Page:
TACOMA, Wash. – University of Puget Sound is initiating strategies to ensure that every student has a well-integrated set of opportunities to apply their liberal arts learning to “real-world” experiences and hands-on projects during their four years of study. The efforts are being generously supported by a $250,000 grant from the Andrew W. Mellon Foundation.
The goal of broadening “experiential learning” on campus aims to encourage every student to think deeply about how they structure their learning and to build an evidenced portfolio of distinguishing skills, abilities, and knowledge that will enhance their success in pursuing fulfilling lives and careers after college.
“We already know from the data that a liberal arts education equips young adults with the interdisciplinary knowledge, creative problem-solving skills, and team-building mindset that today’s global and regional companies and organizations seek,” said Ronald R. Thomas, president of Puget Sound.
“This strategic initiative on experiential learning will demonstrate the practical value of a liberal education by ensuring that every student grapples with experiences that connect theory and practice, that they can articulate the value and meaning of what they have learned, and that they intentionally apply that knowledge to define and pursue their ambitions beyond college. We are delighted to have the Mellon Foundation as a partner in this exciting endeavor.”
The three-year grant comes as part of Puget Sound’s successful $125 million One [of a Kind] comprehensive campaign, which concludes this summer. The grant was designated as a “presidential discretionary grant,” to be used for the purposes the president deems of greatest strategic value.
It will help Puget Sound synthesize, expand, and assess experiential learning opportunities. These might include internships, campus leadership, research, field-work, study abroad, community service, clinical or work experience, and individual capstone projects. Specifically, over the three years, the funds will be applied to:
- Develop faculty members as advisors to help students take proactive roles in incorporating appropriate learning experiences into their academic programs
- Equip faculty advisors with strategies that encourage students to reflect on their experiences and to engage in dialogue with others about their learning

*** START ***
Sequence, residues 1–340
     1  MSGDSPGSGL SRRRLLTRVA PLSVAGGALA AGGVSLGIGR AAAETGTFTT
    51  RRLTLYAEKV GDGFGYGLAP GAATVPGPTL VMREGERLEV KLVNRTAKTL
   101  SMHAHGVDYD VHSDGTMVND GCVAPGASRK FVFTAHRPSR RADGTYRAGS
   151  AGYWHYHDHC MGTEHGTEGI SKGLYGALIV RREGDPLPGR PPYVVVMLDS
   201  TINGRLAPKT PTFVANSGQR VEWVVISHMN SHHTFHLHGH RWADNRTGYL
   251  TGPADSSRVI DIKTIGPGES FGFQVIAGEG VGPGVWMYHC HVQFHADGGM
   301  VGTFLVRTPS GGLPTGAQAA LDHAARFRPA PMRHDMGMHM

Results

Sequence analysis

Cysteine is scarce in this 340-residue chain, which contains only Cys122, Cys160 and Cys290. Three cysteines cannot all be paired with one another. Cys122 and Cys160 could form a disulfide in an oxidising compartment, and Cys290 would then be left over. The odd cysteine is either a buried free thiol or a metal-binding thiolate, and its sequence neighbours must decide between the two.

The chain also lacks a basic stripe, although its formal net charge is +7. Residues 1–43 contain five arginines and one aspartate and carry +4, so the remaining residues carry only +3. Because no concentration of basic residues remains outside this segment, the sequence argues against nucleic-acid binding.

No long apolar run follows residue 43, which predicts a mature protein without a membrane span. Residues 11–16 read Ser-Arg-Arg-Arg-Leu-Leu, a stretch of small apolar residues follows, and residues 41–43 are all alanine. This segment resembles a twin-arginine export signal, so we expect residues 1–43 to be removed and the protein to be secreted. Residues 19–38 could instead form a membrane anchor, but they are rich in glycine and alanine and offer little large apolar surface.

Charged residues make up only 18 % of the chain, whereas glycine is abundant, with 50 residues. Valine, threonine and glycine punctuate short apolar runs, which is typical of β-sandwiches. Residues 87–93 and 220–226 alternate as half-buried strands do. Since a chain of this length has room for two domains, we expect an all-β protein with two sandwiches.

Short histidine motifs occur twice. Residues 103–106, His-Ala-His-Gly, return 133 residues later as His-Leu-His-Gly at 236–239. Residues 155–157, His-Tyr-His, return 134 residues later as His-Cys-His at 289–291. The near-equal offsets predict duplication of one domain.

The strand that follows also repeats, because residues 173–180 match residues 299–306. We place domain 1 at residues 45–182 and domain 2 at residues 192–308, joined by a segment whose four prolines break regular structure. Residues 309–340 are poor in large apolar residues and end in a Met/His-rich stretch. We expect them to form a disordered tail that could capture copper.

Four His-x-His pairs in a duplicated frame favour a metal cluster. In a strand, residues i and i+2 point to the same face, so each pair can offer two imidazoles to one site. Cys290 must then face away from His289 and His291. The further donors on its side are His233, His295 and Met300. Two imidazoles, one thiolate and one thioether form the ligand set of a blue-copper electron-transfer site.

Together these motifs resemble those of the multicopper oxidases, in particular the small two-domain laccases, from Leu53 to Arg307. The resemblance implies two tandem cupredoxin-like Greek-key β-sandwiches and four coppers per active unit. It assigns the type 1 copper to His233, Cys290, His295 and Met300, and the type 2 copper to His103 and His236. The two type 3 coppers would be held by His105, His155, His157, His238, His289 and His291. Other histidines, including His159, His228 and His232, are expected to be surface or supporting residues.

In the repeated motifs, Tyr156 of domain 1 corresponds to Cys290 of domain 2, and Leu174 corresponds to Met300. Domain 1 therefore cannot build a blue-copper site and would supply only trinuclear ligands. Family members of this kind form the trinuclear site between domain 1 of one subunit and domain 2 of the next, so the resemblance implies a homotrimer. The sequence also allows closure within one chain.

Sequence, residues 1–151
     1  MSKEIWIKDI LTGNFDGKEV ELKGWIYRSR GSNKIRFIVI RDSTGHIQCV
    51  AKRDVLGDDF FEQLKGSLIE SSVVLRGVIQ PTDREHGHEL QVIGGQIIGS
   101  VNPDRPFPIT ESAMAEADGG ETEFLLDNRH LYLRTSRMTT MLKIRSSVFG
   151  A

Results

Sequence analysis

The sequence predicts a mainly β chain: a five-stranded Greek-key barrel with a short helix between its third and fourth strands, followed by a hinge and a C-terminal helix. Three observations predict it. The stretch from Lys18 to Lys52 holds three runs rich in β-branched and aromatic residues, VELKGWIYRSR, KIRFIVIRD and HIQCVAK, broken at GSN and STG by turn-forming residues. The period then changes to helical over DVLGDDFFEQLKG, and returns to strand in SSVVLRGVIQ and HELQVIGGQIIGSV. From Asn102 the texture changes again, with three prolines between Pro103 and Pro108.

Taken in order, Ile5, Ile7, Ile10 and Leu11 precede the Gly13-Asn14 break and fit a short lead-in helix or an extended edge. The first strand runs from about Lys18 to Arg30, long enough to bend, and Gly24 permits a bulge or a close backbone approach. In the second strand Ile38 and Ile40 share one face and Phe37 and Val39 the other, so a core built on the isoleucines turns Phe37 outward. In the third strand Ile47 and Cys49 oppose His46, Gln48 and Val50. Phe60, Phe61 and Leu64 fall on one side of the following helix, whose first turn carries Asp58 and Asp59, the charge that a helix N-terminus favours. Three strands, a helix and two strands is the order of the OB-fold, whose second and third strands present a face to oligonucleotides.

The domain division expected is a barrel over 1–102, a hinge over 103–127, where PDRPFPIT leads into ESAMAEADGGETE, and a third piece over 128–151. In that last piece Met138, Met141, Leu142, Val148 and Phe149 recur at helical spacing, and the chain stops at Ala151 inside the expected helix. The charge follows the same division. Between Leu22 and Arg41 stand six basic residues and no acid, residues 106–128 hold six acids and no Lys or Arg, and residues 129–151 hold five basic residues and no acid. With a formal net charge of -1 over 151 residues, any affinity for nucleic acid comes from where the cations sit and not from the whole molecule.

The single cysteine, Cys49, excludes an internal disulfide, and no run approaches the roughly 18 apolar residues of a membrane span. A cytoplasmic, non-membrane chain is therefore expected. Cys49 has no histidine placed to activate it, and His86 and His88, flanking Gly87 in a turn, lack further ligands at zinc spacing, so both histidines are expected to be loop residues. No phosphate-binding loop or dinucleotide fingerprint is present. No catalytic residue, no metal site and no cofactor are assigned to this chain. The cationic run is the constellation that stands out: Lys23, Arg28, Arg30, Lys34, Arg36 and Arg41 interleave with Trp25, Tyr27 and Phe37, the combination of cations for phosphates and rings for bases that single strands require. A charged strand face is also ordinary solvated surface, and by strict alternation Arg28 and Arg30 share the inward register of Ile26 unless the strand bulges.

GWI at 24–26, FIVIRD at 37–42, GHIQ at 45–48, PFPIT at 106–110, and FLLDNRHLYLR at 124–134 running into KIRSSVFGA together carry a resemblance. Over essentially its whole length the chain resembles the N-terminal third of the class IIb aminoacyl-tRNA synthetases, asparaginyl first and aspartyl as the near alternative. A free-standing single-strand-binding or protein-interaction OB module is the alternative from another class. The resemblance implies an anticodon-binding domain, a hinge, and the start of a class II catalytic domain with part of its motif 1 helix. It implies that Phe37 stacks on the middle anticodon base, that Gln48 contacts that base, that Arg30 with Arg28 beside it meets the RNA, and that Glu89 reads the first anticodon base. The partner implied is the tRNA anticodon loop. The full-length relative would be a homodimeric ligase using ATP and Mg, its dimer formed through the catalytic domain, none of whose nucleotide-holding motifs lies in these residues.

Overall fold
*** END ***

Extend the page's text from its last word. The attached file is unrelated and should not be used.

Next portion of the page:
- Expand and strengthen experiential learning opportunities, including piloting new “study away” programs within the United States
- Support the Career and Employment Services office in overseeing existing and new learning options
- Offer students individual e-portfolios, where they can demonstrate what they have learned, on and off campus, over four years
- Hold symposia where students showcase their applied learning and inspire other students to try new things
- Enhance the ability of the Office of Alumni and Parent Relations to support parent and alumni volunteers who want to offer experiential learning alternatives
- Continue to build partnerships with city and regional businesses, and civic and nonprofit institutions, who may offer off-campus connections
The initiative is being overseen by Academic Vice President Kristine Bartanen, who had a key role in planning the initiative and moving it forward. Bartanen chaired the Experiential Learning Work Group, commissioned in 2013–14 by President Thomas to gather information on existing opportunities, programs at other liberal arts colleges, and the resources needed to achieve the new vision.
Significant programs and opportunities for first-hand learning are already available at Puget Sound. These include new initiatives such as the faculty-led, study-abroad Asian field schools focused on environmental issues, the Northwest Five Consortium Food Systems summer course, the geologically and environmentally focused Southwest Semester, and the Tacoma Entrepreneur Network (TEN).
There are also many long-standing programs, such as the nine-month Pacific Rim study-travel program, summer research scholarships, internships, academic fieldwork, the Civic Scholarship Project, community service, study abroad, campus leadership roles, programs organized by the Race and Pedagogy Initiative and Sound Policy Institute, and numerous class-directed projects.
The Andrew W. Mellon Foundation has been a generous supporter of Puget Sound, backing efforts such as internationalizing the curriculum for Environmental Policy and Decision Making; development of a Latina/o Studies program; creating new humanities and Honors program initiatives; connecting students’ academic and co-curricular lives through residential seminars; and providing junior faculty sabbaticals, which often result in curricular enhancements and new research.